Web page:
07 May 2018 (released)
15 May 2018
Doesn't it seem like MC's these days are all getting tased when they rap? Ask anyone to do an impression of a current rapper's flow and you'll hear one of two things. You might get the triplet cadence of “Da-da-da/da-da-da/da-da-da/DA!” which has been used and abused by nearly every emcee out there today but at least allows for the use of some amount of vocabulary. The other is the clipped two syllable stutter that sounds like a combination of electric shock and Tourette's which allows next to zero lyrical content. The “Ah-zuh!/ah-zuh!/ah-zuh!/ah-zuh!” model is everywhere and it's the final step in dragging hip-hop back to the stone age. It started with trap but it has now spread throughout the genre and even into mainstream pop. This was not where the genre was supposed to be heading.
In the 80s and early 90s when rock (which had previously been the messenger of social consciousness) descended into hair metal banality, hip hop took the baton of intelligent discourse and activism and ran with it. Public Enemy, KRS-One, J Dilla all delivered brilliant, thought-provoking verses over rolling, flowing beats. An artist's flow was judged on how smoothly they could deliver their densely written material. Stuff you could sit back and think to. There's something psychically harmful inherent in the jarring, thoughtless rap style of 2018. Sure, Public Enemy were writing inflammatory songs to make you angry and fight back but this generation is writing with the mental capacity of a goldfish. It's time to make hip hop think again!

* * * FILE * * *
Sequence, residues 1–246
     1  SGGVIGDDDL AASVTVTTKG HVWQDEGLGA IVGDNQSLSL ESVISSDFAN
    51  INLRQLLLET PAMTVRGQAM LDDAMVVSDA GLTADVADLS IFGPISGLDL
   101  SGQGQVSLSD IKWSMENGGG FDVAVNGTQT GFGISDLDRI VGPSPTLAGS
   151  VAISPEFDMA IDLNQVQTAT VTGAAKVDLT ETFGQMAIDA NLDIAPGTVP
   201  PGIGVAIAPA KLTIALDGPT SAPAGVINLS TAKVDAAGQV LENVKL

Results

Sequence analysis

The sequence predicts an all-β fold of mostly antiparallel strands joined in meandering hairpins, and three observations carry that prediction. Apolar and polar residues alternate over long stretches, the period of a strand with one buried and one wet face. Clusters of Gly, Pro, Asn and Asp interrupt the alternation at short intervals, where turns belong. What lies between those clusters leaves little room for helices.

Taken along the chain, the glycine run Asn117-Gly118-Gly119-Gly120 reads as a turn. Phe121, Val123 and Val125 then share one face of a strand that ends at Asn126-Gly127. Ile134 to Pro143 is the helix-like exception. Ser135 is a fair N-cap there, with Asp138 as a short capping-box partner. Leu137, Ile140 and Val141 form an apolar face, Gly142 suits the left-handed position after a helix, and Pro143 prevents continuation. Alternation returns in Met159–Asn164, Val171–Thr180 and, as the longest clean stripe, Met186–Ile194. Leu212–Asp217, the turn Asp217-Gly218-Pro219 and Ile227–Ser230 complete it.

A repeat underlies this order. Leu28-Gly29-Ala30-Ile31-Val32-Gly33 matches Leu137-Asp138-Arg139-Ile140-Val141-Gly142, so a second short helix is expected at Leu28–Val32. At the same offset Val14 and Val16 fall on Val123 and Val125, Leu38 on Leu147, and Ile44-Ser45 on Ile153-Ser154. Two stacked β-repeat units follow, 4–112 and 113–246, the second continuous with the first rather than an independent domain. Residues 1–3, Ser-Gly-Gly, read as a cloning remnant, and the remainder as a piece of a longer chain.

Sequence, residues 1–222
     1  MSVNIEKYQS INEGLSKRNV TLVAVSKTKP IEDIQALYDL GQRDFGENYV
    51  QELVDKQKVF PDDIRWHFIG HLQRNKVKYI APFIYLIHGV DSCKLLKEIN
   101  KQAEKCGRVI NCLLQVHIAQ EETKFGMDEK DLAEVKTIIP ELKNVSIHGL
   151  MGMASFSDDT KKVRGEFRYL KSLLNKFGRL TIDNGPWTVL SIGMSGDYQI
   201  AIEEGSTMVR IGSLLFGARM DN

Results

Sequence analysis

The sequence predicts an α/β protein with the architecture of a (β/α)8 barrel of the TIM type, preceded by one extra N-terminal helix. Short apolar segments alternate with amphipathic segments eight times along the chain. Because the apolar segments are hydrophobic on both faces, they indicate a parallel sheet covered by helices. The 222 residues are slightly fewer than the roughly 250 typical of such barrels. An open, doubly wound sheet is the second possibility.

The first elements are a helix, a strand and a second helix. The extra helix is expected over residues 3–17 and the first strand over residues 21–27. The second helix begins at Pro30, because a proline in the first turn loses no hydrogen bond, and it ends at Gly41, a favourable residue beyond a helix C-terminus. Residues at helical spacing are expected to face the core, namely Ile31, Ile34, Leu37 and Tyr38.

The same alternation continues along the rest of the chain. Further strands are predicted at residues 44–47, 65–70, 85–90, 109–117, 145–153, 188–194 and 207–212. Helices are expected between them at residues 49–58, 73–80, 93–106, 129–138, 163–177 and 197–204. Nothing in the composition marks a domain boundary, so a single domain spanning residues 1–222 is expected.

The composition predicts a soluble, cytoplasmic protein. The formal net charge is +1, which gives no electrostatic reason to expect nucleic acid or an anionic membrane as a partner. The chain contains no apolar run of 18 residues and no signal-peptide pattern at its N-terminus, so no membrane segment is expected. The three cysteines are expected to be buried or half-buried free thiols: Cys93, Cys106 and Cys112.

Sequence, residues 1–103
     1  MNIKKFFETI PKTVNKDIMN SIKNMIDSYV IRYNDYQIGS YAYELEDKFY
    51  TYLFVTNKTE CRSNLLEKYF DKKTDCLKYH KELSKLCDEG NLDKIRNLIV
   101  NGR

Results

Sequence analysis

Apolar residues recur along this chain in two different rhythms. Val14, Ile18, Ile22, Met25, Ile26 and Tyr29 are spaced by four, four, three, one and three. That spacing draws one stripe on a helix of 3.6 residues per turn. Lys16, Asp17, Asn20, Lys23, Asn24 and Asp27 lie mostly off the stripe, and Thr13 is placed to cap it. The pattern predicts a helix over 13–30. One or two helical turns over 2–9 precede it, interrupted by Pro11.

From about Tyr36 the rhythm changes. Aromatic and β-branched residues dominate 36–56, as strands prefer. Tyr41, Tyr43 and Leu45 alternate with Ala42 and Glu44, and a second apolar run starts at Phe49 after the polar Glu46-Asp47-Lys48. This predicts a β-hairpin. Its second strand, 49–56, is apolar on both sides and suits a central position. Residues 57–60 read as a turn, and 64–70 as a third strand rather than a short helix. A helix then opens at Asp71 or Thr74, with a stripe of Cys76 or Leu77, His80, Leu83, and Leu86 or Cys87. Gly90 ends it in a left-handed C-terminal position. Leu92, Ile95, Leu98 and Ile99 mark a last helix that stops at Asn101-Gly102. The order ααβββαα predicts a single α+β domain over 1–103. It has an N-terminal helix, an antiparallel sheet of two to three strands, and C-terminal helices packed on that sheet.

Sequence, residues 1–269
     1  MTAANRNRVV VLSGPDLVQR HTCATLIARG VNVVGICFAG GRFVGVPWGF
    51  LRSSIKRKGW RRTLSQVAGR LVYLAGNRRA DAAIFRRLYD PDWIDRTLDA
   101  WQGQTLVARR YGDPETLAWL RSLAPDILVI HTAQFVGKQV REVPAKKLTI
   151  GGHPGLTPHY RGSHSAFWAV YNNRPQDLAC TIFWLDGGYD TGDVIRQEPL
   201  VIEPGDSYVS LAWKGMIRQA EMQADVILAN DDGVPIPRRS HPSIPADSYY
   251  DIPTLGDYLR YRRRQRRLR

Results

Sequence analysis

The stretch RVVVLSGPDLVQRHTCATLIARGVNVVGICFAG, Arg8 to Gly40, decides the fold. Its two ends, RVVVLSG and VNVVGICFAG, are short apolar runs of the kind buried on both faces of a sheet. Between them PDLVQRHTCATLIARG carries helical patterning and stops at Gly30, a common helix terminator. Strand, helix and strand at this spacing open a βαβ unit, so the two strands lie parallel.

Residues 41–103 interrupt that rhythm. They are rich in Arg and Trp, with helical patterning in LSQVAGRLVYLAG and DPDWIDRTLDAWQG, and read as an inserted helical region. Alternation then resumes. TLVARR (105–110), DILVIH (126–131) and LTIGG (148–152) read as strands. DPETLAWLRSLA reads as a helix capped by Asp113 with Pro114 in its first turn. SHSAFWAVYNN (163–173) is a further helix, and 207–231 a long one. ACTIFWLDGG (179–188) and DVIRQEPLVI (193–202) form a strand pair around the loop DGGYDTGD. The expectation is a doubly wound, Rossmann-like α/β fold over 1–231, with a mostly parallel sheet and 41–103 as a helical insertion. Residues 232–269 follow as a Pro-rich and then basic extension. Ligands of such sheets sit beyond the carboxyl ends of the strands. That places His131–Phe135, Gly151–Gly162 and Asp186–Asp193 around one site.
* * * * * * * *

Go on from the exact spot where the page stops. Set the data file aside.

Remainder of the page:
Hip-hop duo Conscious Presence pick up where old school hip hop left off. The tracks are made to kick back with your favourite relaxant, nod your head and open your mind. Filled with lyrics that uplift, encourage and promote deep thought, this is the antithesis to the bulk of rap out there today. The group wanted to further connect to the roots of hip-hop by refusing to cut it all “in the box', instead opting to record to analog tape in single takes, adding the scratching of DJ Okay and Ra Pius in real time. The result is a flowing, cohesive album that catches a vibe and rides it through to the very end.
The group takes core human concepts and dissects them one by one. They lead off with an ode to honesty and perseverance with 'Dedication', warn of spirit-crushing situations of oppression with 'Soul Trap' and preach the wonders of questioning and discovery in 'Curiosity'. The slick, groovy 'Metal & Cement' tells a laid-back tale of metropolitan disillusionment. A vein of reversed samples traverses the heavily west coast influenced beat, providing a reflective mood throughout. Joshua Synman AKA The Soul Seeker looks back on living in the concrete jungle and the intense pressures of living in the big city, seeing the depths of its intensity only after taking a step back. A very poignant take on modern living. The lead single 'Divine' reiterates the idea that the divine is all around us and urges us to take the time to see beyond the daily drudgery to see the world as infinitely heavenly.
Conscious Presence's key attribute is perspective. The music comes from an amalgamation of 60s and 70s soundscapes and textures blended with 80s and 90s beats, taking stock of the best of each era and putting it all together to make a tapestry that gives context and places ideas on a continuum. In addition, the lyrics which are often reflective and analytical, take the time to process the deluge of information we get on a daily basis and disseminate it for us. This could not be further from current mainstream hip hop and thank god for that.